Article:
Business opportunities in Africa are overflowing. The continent got rich resources that can attract investors. This something that most country, like US, didn’t notice before. Most of the time they only come to the region to give aid, but now, to come for trade is becoming a trend.

Mining in Africa is one of the driving force why the continent gain economical development.

Africa is the home of nearly half of the entire world’s diamond or 50% of the global production. By this time, Africa has produced over 75%, in value, of the diamonds purchased all over the world, with more or less 1.9 billion carats. Central and Southern Africa are places in Africa where diamond is abundant. Angola, Botswana and South Africa are the top distributor of diamonds.

South Africa produce 50% of all the gold in the world. Despite the declining production, it is inarguable that South Africa is still one of the world’s best gold producer. They’ve got two of the globe’s deepest gold mines, the East Red Mine in Boksburg and Tau Tona in Carletonville. The country also have the largest gold ore reserves measuring up to 40,000t, which represents 40% of global reserves.

Both diamonds and golds are the largest mineral foreign income earner in Africa. The continent also produce an array of mineral resources like platinum, coal, granite, nickel, copper, zinc, limestone, phosphates, clay and dolomites.

Another area where growth chances is high is agriculture. Africa has a wide range of agricultural products like coffee, veggies and fruits. South African wines are making a comeback. Algeria is another producer of first-class wines. Along with France, Canada, United Stats, South Korea and Western Europe are countries that benefits well on Algeria’s wine industry.

Telecommunications is also one of the fastest growth area. From 1999 to 2004, the annual rate of Africa’s cellphone usage grew to 58%. The region showed faster growth compared to the some countries in Asia.

Infrastructure and transportation has also improved. International tourism is given priority. With wonders like the Ancient Egypt, Mediterranean Resorts in North Africa, Victoria Falls, Cape of Good Hope and other natural and wildlife landscapes, the continent has potentials to compete against other continents. Airports and hotels facilities are also developed.

Africa is on the process of transformation than is beneficial to both Africans and business enthusiast.



Africa’s Probable and Possible Business Future

Investing in Africa is a potential profitable investment, but many are unaware of this. Multinational companies and many businessmen are always blinded by the international media exposure of the continent. Most of this news conveys negative images like bloody civil wars and crippling poverty. They are deceitful. Investment ideas are turned down because of the fear brought by many conflicts. But if we are going to talk about business, the future in Africa is clear. Studies show that Africa has been heading to development in the recent years despite the Global Financial Crisis. Opportunities on different aspects are enormous. From communication, infrastructure, tourism, agriculture, etc..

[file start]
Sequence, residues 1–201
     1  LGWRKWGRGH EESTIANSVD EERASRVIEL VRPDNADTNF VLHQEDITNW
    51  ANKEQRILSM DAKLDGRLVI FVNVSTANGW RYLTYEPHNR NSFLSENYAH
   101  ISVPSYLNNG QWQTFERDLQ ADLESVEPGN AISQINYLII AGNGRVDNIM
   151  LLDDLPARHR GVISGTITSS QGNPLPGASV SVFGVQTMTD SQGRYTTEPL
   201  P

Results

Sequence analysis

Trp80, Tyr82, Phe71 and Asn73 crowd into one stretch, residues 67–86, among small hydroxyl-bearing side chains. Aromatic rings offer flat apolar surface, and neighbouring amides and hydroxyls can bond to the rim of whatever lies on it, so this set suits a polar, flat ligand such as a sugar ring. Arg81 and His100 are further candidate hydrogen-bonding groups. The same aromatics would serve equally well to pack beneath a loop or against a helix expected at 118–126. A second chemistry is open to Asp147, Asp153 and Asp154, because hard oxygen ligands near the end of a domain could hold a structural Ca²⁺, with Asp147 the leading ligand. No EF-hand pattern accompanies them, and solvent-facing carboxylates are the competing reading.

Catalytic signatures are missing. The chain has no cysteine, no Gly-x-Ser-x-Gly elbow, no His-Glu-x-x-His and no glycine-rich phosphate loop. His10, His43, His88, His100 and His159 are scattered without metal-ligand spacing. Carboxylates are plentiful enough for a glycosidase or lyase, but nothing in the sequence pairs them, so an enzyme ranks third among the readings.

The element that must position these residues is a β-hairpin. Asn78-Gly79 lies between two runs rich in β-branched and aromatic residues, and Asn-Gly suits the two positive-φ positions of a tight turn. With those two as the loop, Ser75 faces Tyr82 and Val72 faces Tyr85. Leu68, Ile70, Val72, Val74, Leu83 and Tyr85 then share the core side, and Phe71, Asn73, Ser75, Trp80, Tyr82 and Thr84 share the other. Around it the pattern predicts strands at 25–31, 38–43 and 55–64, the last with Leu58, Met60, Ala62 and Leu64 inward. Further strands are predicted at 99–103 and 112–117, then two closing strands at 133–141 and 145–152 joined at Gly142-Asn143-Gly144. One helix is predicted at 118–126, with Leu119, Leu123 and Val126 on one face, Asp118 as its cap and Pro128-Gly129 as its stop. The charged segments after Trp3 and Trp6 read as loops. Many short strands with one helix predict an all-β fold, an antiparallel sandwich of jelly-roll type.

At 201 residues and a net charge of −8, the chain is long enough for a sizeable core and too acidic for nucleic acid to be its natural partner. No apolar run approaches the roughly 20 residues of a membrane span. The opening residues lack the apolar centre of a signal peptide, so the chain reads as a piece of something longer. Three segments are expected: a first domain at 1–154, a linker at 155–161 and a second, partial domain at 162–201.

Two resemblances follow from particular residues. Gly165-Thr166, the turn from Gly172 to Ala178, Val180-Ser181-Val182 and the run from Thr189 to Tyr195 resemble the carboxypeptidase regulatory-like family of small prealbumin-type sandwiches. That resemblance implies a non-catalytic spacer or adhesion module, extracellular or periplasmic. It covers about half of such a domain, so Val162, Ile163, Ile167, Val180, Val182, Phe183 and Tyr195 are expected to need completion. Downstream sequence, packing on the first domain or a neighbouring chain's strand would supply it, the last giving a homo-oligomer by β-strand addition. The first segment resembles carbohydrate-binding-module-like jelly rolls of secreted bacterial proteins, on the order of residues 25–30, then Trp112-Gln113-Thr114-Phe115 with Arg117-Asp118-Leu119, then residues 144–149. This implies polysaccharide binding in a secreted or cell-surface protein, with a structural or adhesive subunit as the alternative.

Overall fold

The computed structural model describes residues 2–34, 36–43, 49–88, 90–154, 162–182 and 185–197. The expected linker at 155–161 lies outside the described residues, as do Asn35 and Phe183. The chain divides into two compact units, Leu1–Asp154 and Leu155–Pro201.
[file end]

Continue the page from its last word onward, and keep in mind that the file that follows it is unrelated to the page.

Africa’s profitability is one of the best kept secret in today’s world economy.” This is aline quoted by Kofi Annan, UN Secretary General. Companies in Africa have been gaining on their profit since 1990. The rate of return on foreign direct investment averaged 29 percent. More African countries tightened their policy environment. This step brought more foreign investors because of the improvement on economic stability and growth and much more liberal conditions. In 1997, 26 countries showed an appraising relatively liberal regime for the repatriation of dividends and capital. This report also indicates that policies on foreign investment are now similar to those of the developing countries. Numerous investment promotion agencies were set up on the whole continent to promote Africa’s resources as an opportunity to for businesses.

From the UNCTAD or United Nation Conference on Trade and Development, a study was released stating that between 1983 to 1997, Africa-based US companies grew by 10 percent. British direct investment net income in sub-Saharan Africa, with some parts of Nigeria increased by 60 percent between 189 to 1995. Same thing happened to Japanese affiliates in 1990. Trade between Africa and China has grown an average of 30% since 1999, topping $106 billion dollar last year

In the past decade, foreign investments have been increasing significantly. Before, there were more investment on oil, mineral and diamonds, but it is now changing. Services and manufacturing is now making a name, even in top oil-exporting countries like Nigeria. Now, more than 25 sub-Saharan governments are in the process of privatizing all or most of their telecommunication sectors to attract more foreign investors.

The future of any business investment in Africa is now more probable and possible. Despite its previous worse status, the UN and the whole continent is committed for a bigger transformation. Africa’s neediness for help is the gateway for more investments and later on, continent’s economical development. It is inarguable that Africa is a continent of commodities-with its forests, oil fields and mines. The demand is found and abundant on the darker part of the world.